The commercial building at 173 Main Street was built for George Cunningham, butcher, circa 1892. At that time, Tottenville was experiencing rapid growth commercially and residentially. George Cunningham operated his butcher shop there untl 1914 when Benjamin Williams established a successful real estate and insurance business. In moderntimes, Roselli Fuel Company and later Capitol Fuel occupied the building.
Tottenville-Perth Amboy Ferry Slip, Foot of Bentley St., Tottenville (nonextant)
A passenger and ferry terminal was constructed at this site when the terminus of the Staten Island Railroad was moved from Main St. to Bentley St. in the late 1890s. Ferry service between New Jersey and Staten Island was an important link connecting New York and Philadelphia. Perth Amboy, a large city just a short distance across the water, offered shopping and job opportunities for Staten Islanders, especially Tottenvillians. By 1960 most families owned automobiles and the Outerbridge Crossing was the preferred method of interstate travel. Ferry service ended completely in 1963.
Almer G. Russell Pavilion, Conference House Park, Tottenville
The original Almer G. Russell Recreation Pavilion, located at the end of Hylan Blvd in Tottenville, was formally opened in 1935 to honor Russell, a Tottenville soldier killed in action in France in 1918. After falling into ruins from years of neglect, the Russell Pavilion was razed in the 1960s. Finally rebuilt in 2002, the structure was rededicated to the memory of Russell in 2008. Today, in 2012, it is again in a state of disrepair and closed to the public.
Masonic Temple Huguenot Lodge #381, 236 Main St., Tottenville
The Masonic Lodge was founded in 1855. The lodge was built 1909-10. It is an attractive two-story brick building decorated with terra cotta made locally by the Atlantic Terra Cotta Company. Originally the Tottenville Post Office occupied space on the first floor.
Foot of Main Street, Tottenville
Tottenville began to develop as a town when John Totten Jr. built a dock and general store there circa 1834 and the area soon became a major commercial center. In the 20th century, the Seguine Runyon Stiles Building and Supply Co. occupied the site. All evidence of past businesses except for a few pilings in the waterway has been destroyed by violent storms, flooding and fire.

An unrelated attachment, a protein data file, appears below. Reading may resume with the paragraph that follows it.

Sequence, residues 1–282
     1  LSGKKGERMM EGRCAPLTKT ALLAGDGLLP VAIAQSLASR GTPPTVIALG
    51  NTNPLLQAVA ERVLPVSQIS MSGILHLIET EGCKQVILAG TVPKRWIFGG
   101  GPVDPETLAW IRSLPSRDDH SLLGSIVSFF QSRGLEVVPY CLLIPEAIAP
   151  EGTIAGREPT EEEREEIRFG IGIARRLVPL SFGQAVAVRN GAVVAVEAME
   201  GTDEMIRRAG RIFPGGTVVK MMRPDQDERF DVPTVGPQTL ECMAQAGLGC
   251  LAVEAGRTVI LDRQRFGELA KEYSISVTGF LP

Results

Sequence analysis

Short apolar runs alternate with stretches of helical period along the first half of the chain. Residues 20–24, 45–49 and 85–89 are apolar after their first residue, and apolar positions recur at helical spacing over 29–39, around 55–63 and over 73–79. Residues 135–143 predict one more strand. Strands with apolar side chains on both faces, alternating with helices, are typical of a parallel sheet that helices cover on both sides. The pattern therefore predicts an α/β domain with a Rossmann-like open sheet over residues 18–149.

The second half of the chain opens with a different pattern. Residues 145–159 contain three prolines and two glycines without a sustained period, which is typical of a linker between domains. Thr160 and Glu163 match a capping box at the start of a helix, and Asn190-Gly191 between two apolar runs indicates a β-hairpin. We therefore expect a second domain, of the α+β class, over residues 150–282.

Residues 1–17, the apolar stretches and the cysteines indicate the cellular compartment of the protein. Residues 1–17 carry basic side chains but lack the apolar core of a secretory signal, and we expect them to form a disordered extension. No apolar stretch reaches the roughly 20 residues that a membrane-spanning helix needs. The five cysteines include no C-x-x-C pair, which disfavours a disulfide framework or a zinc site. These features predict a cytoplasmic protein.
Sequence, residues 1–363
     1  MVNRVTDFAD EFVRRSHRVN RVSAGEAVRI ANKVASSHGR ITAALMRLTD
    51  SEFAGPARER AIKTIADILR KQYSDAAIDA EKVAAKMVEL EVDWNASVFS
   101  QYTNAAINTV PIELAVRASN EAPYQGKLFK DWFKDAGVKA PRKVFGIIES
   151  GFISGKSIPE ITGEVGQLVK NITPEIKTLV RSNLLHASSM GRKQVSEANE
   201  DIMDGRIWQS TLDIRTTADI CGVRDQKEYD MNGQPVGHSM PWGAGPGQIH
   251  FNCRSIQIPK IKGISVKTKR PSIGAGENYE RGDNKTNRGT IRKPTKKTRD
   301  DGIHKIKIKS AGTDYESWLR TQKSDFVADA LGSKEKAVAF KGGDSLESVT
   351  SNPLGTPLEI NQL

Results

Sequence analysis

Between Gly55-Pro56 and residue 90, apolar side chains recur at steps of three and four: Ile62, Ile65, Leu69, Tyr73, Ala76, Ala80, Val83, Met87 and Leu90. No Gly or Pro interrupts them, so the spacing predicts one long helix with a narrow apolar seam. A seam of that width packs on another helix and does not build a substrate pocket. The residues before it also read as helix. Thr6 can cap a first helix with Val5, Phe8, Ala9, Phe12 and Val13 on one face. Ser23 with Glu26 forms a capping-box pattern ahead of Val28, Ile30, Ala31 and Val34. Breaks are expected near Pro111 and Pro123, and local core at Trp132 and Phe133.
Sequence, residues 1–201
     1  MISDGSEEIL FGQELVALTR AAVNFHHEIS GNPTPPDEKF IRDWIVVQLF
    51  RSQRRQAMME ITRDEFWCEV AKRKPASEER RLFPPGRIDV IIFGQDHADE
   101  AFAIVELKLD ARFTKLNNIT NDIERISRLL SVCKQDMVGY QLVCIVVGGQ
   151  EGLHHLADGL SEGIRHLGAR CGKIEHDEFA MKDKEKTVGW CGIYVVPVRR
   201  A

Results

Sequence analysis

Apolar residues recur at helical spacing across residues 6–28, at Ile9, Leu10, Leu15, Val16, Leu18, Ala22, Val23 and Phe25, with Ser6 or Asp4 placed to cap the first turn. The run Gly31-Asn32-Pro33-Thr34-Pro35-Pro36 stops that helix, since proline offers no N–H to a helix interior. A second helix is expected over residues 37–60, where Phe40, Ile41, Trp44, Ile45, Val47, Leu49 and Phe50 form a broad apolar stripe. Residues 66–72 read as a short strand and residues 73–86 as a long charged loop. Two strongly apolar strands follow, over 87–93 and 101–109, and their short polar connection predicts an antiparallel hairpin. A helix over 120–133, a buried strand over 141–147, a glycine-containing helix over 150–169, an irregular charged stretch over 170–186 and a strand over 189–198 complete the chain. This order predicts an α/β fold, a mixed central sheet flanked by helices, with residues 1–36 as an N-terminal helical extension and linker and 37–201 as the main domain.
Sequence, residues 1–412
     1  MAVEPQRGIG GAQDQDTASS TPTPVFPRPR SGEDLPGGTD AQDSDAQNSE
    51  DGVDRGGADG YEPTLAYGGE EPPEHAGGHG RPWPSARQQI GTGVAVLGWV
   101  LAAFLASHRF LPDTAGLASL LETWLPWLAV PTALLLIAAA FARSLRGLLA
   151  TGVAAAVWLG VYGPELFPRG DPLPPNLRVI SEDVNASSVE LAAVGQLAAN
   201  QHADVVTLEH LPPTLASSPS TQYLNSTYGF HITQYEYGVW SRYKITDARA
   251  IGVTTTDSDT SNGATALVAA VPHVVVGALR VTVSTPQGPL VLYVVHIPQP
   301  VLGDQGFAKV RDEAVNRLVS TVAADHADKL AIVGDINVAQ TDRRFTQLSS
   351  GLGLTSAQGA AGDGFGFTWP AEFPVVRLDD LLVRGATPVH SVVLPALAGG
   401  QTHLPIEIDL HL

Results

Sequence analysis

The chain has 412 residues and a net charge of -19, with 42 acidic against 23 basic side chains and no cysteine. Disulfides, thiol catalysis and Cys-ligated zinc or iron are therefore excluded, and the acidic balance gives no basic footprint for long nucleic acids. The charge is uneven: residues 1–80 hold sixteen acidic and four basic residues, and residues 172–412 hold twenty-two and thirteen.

Atlantic Terra Cotta Company, Ellis Street, Tottenville (nonextant)
For more than three decades the Atlantic Terra Cotta Company (1897-ca. 1935) designed and manufactured architectural fabric and ornaments that were used in the construction of some of the world's most distinguished structures including the Woolworth Building in NYC. The plant occupied over eight acres on today's Ellis Street, and at one time employed over 450 men. Examples of beautiful glazed polychrome ornamentation can be found locally on Main Street's Masonic Temple.
Nassau Smelting & Refining Company, Nassau Place and Arthur Kill Road, Tottenville (nonextant)
A Manhattan metals merchant established the Tottenville Copper Co. in 1900 and for nearly a century it was the area's largest employer. In 1931 Western Electric bought the company and renamed it Nassau Smelting and Refining Co. By 2005, all the structures had been razed and removed and extensive environmental remediation of the contaminated site had begun.
Stadium Theatre, 217 Main Street, Tottenville
Since 1927, the building at 217 Main Street has been a venue for motion pictures, rock concerts, roller skaters and even grammar school children. The original marquee is still in place, although the building is currently in a sad state of disrepair.
Bethel United Methodist Church, 7033 Amboy Road, Tottenville
Bethel Methodist Episcopal Church was constructed in 1841 to meet the spiritual and social needs of the growing communities of Richmond Valley and Tottenville. It is Tottenville's first house of worship. Fire destroyed the wood frame building in 1886. A new church, a tall, brick building with an impressive Romanesque style bell tower, was dedicated in 1887. Land for the church and its surrounding cemetery was donated by the Totten family.
September 11 Memorial Clock and Park, Amboy Rd. and Main St., Tottenville
On November 19, 2011, the community clock at Main St. and Amboy Rd. was rededicated to the Tottenville residents who lost their lives in the attack on the World Trade Center on September 11, 2001. Tottenville Memorial Park, across Amboy Rd. from the clock, was refurbished with a new concrete planting area, landscaping, new flagpole and stone memorial, also dedicated to the memory of those who perished on 9/11. The park site was first dedicated in 1967 to local members of the New York City Police and Fire Departments who lost their lives in the line of duty.